Why did God choose His judgment to be this way? If God simply punished them and made them suffer and die off with famine or drought, would they really learn their lesson?  I mean, that’s what He did for 40 years in the desert on the way to the Promised Land and the majority of the nation whined the whole time and forgot their previous sinfulness.  By judging Israel directly according to their sins, the punishment fits the crime and hopefully they will remember not to do it again.  When parents discipline their children, this is an important aspect of the punishment that cannot be forgotten.  If the subject doesn’t know what they did wrong and why they are being punished for it, then chances are you will have a confused and condemned child that will most likely repeat the offense because you weren’t clear about it.

God’s plumb line is a measure of righteousness.  His righteousness is purity, justice, and enduring love wrapped together and presented to us as something we get to live in and enjoy.  If God didn’t love Israel, He would have let them continue to destroy themselves with idol worship, self-righteousness, pride, and all that comes with it.  While this conversation with Amos might not seem like it is coming from a place of love, God is in fact discussing with Amos the best way to discipline His children to get the best possible desired result: obedience.  God wants His children to be obedient to what He says because He knows what will happen if they don’t.  Some people might not quite understand this as love because they were never disciplined as a child.  The truth is, however, that not disciplining your children does them more harm than good.  This is why God is disciplining the nation of Israel: so they stop living in the slavery of sin and learn to realign their lives and live in obedience to God.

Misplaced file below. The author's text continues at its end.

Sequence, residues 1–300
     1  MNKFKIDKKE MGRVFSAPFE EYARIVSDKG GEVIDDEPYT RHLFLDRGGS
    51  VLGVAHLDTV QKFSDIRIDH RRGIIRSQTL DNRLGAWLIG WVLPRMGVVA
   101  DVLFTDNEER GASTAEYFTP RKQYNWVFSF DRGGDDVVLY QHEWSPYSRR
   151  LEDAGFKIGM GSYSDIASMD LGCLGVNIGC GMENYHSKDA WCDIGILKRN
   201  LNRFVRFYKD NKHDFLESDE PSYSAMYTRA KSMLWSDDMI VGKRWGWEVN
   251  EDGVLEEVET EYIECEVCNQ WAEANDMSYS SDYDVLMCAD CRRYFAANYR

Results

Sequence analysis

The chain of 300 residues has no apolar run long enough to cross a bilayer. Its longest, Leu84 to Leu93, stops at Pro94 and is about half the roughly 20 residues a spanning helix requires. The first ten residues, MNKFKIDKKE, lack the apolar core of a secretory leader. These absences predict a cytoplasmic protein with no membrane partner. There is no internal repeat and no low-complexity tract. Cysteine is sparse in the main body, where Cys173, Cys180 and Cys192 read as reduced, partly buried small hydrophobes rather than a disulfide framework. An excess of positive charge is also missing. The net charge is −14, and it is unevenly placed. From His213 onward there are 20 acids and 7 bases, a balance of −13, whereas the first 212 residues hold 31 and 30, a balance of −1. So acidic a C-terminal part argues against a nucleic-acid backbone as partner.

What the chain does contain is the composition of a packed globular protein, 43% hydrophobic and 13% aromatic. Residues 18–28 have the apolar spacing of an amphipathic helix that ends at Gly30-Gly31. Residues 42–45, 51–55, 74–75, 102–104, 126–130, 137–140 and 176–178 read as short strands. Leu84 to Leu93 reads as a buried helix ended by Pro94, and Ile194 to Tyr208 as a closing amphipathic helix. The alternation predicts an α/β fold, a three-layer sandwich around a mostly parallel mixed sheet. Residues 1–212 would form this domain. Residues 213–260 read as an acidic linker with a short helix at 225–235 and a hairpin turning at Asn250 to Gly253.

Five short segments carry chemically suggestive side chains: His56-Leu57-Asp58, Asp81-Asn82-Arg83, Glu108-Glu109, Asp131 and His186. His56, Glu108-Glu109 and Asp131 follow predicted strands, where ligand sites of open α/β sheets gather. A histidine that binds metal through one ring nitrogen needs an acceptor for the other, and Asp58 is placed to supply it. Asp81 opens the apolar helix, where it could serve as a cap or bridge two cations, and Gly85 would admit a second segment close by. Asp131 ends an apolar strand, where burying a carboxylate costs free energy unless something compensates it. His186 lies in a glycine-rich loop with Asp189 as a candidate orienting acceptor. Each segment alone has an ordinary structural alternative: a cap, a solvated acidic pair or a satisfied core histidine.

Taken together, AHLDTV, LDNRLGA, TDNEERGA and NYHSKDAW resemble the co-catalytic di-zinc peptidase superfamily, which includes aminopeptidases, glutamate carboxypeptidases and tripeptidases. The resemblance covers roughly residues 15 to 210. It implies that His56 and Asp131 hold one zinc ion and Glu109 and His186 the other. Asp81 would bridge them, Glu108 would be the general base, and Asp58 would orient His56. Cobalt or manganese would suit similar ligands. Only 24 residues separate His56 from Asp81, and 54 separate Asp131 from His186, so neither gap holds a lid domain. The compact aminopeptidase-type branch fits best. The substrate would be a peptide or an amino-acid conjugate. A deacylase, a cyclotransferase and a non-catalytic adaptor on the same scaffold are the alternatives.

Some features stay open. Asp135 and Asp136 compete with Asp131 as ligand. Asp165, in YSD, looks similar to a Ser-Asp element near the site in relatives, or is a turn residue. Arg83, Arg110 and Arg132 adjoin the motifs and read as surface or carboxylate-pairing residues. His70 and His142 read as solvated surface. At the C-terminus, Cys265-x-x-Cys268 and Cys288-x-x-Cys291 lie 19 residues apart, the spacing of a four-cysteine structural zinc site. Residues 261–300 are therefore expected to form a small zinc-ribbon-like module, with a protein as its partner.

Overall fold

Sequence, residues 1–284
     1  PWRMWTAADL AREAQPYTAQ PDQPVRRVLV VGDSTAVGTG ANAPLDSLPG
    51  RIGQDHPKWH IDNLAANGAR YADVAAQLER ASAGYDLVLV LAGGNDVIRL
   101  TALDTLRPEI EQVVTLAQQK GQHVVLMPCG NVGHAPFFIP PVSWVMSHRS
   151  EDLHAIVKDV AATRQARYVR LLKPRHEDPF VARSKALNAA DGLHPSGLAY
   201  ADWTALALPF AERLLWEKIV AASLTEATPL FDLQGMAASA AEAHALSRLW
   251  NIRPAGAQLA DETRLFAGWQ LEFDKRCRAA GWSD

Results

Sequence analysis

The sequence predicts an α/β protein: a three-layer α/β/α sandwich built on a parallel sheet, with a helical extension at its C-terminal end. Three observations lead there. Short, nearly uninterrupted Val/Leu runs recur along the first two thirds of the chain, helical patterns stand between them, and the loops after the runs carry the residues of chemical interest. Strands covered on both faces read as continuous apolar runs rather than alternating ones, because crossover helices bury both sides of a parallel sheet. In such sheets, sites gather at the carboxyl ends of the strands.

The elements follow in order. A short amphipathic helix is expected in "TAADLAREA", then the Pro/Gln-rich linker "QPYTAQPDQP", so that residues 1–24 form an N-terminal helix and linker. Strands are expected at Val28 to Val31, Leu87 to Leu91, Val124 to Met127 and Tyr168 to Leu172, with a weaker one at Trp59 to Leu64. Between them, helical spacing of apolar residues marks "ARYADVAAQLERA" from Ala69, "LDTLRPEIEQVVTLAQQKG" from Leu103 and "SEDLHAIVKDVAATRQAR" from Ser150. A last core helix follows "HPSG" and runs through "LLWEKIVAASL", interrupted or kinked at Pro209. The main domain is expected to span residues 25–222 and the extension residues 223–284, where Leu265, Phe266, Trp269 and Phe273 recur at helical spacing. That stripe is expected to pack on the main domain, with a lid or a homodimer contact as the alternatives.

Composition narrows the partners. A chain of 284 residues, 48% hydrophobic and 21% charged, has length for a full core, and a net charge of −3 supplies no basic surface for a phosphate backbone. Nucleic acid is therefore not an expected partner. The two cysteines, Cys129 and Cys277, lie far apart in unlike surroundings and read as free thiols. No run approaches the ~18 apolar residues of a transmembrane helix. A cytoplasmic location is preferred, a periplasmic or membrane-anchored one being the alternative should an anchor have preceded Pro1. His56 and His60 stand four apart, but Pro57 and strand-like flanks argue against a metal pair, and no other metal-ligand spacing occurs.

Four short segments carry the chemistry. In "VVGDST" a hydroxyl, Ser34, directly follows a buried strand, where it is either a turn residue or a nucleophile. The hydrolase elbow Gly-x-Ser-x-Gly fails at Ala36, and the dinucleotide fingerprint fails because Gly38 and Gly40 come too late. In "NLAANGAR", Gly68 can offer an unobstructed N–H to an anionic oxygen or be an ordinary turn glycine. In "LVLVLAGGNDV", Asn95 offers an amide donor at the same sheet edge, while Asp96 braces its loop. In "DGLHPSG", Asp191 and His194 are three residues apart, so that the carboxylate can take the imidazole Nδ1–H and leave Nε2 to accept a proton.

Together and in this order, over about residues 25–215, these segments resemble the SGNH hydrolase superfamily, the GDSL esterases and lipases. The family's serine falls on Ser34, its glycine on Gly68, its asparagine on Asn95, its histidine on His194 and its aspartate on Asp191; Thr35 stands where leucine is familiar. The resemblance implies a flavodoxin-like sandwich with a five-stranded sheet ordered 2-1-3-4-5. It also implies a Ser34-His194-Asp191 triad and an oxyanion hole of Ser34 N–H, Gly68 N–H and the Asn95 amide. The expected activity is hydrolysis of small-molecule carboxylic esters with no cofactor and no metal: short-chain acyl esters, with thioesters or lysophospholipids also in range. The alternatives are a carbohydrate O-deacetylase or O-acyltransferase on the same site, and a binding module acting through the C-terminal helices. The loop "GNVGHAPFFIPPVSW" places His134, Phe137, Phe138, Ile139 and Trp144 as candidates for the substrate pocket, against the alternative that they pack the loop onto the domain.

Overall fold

Some may wonder why people need to be killed off.  When we look through the scriptures we see entire communities, cities and even nations wiped out by God.  This is because they are beyond hope.  If you read the stories carefully, you will see that God salvages those who have even an ounce of good in them.  The rest are killed off because God knows they are never going to change and He would rather take them out and spare his children the trouble of being influenced by them and drawn into a life of sinfulness once again.

God’s plumb line is His righteousness.  He is concerned about your heart condition; do you seek out His righteousness?  We all miss the mark at some point, but if we have wicked hearts, then we will continue to sin and hurt others in the process.  This is what God had against Israel.  They missed the point of His laws.  In Matthew 6, Jesus said,

33 "But seek first His kingdom and His righteousness, and all these things will be added to you. 34 "So do not worry about tomorrow; for tomorrow will care for itself. Each day has enough trouble of its own.

If we worry more about God’s Kingdom and His righteousness, we won’t have to worry about the things this world worries about (and thus better avoid sinfulness).  We will be free from worry and free from worldiness.  The question is, how much have we swayed from the plumb line?